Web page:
Controversial New Diagnosis: Prolonged Grief Disorder

Critics abound, but decision opens new pathways for people who meet diagnosis criteria
By Mike L. Ford,  Newser Staff
Posted Mar 26, 2022 4:05 PM CDT
For Some, Intense Grief Is Now a Mental Disorder
   (AP Photo/American Psychiatric Association)

Debate will continue in the psychiatric community, but the decision is official: The latest edition of the American Psychiatric Association's Diagnostic and Statistical Manual of Mental Disorders, known as DSM-5-TR, includes an entry for prolonged grief disorder. Per an APA release, the new disorder is one in which "the duration of the person’s bereavement exceeds expected social, cultural, or religious norms and the symptoms are not better explained by another mental disorder." The New York Times reports the decision "means that clinicians can now bill insurance companies for treating people for the condition" and should stimulate new funding for research into treatments and therapies.

According to Holly Prigerson, a pioneer in the field and lead author of a key study that validated criteria for the condition, PGD applies to 4% of bereaved individuals who remain "stuck and miserable" long after grief symptoms typically ease. Prigerson’s research determined the disorder could be identified six months post-death, but the APA pushed that out to a year to be more conservative. Axios quotes the APA’s Saul Levin as saying the disorder’s inclusion will provide "an understanding of what normal grief looks like and what might indicate a long-term problem." Critics abound, many of whom say grief is not a mental illness but an innately human experience.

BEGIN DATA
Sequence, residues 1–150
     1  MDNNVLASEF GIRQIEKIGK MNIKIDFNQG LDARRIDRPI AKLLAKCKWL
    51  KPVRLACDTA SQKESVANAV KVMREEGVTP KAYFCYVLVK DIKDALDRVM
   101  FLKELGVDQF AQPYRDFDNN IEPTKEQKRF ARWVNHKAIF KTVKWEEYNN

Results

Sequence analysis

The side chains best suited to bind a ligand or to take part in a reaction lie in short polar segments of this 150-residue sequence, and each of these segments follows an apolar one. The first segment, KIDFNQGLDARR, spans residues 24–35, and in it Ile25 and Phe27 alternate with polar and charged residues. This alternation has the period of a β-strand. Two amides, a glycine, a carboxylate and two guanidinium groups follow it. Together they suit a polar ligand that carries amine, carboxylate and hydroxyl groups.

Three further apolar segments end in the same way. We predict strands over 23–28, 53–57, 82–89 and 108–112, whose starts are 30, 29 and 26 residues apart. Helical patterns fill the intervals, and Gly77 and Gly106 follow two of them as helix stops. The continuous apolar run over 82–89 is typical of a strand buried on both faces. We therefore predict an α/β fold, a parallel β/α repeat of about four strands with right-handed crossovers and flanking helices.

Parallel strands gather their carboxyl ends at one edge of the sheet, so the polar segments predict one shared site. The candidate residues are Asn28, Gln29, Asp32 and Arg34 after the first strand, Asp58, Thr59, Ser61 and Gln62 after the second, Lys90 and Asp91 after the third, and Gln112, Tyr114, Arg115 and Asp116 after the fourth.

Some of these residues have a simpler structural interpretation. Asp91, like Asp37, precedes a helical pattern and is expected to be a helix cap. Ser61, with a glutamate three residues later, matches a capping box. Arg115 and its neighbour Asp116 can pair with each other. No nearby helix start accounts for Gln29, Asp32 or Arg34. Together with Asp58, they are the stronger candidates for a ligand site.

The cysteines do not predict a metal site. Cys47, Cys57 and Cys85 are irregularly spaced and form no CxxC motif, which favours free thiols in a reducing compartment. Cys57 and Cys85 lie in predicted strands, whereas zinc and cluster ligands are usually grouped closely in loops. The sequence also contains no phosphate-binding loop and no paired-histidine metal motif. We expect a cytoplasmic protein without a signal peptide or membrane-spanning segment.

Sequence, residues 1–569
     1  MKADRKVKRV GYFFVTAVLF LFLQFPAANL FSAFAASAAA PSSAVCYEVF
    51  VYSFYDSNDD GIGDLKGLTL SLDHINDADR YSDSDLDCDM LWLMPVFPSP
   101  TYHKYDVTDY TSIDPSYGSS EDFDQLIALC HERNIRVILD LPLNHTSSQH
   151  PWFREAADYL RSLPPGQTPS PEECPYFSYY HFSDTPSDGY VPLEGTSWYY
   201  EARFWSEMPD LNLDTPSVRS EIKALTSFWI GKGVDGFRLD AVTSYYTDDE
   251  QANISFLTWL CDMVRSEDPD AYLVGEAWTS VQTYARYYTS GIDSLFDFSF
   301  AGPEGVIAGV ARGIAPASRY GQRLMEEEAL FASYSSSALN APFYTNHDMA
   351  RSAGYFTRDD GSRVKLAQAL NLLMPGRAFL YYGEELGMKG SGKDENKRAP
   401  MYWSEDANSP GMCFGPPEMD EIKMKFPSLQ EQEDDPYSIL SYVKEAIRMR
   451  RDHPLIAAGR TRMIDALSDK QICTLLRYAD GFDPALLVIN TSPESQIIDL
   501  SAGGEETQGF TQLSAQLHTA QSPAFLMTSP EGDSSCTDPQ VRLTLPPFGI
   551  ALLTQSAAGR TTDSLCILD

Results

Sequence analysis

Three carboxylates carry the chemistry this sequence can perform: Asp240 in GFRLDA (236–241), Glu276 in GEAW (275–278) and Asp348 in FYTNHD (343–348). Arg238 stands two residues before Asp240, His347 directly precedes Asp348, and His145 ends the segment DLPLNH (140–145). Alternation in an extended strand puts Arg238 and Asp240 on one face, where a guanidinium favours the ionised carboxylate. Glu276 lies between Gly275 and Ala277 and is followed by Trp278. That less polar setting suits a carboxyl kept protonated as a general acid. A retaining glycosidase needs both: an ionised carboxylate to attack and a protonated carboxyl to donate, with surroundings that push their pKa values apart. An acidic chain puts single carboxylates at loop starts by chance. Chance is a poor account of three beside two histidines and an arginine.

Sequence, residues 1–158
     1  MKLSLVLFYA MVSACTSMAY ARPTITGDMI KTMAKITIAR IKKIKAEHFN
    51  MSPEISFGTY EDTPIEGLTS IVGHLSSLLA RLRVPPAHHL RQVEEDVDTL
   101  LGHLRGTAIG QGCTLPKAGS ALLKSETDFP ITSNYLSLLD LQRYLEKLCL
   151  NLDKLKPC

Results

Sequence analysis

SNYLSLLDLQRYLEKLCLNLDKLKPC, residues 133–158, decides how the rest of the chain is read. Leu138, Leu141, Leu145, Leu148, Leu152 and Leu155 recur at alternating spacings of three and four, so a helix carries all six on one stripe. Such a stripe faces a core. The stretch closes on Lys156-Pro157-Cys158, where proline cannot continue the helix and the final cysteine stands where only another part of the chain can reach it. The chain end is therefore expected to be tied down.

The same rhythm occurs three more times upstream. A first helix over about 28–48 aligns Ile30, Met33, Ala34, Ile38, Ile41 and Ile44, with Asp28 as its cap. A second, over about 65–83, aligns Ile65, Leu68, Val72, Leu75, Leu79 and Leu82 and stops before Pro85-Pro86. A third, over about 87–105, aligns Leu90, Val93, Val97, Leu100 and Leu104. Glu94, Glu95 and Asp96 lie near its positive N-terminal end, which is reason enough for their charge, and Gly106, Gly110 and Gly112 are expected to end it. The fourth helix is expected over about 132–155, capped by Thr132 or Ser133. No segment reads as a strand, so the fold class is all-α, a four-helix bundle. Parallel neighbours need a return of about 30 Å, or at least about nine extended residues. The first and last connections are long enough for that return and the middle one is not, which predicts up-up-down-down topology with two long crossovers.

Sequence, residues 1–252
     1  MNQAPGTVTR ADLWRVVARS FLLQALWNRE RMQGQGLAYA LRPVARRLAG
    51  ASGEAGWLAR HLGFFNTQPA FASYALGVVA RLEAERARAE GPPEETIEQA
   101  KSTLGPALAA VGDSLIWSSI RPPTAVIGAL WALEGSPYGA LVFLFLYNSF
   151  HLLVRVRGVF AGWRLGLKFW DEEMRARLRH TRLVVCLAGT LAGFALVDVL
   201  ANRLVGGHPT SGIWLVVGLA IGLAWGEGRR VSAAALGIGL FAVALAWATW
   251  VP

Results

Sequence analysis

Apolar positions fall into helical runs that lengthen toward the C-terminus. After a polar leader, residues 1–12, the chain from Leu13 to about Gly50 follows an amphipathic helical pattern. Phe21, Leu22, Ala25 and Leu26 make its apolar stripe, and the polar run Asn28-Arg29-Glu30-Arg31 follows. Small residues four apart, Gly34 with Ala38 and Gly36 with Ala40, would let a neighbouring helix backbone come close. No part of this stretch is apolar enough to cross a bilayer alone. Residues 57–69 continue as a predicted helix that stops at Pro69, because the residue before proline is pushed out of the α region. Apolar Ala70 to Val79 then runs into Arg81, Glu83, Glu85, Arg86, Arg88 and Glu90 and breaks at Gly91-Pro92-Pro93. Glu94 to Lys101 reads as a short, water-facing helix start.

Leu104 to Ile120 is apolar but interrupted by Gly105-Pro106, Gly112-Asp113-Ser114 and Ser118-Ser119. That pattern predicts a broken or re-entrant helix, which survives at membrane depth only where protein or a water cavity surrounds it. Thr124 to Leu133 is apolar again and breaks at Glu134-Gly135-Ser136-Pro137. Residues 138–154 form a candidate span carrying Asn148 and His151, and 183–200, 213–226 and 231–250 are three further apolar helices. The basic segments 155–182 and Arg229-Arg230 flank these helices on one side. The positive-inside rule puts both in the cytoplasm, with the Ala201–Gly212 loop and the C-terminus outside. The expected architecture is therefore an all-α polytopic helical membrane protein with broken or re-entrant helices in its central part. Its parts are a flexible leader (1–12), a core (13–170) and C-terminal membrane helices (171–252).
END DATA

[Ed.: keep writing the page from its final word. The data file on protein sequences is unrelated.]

Others warn about false-positive diagnoses, the ascendancy of Big Pharma, and an inherent motive for clinicians to categorize patients for reimbursement purposes. Everyone involved agrees that grief is as individualized as it is natural, and not everyone is shoveling pharmaceuticals at the problem. Dr. M. Katherine Shear of Columbia University applied PTSD-type methods in her 16-week psychotherapy program for PGD, which influenced the APA’s final decision. Reflecting on her experience in Shear's program, which allowed her to come to accept her brother's sudden death, one patient who had suffered three years of prolonged grief told the Times, "Am I ashamed or embarrassed? Do I feel pathological? No. I needed professional help." (More DSM-5 stories.)

Get the news faster.
Tap to install our app.
Install the Newser News app
in two easy steps:
1. Tap in your navigation bar.
2. Tap to Add to Home Screen.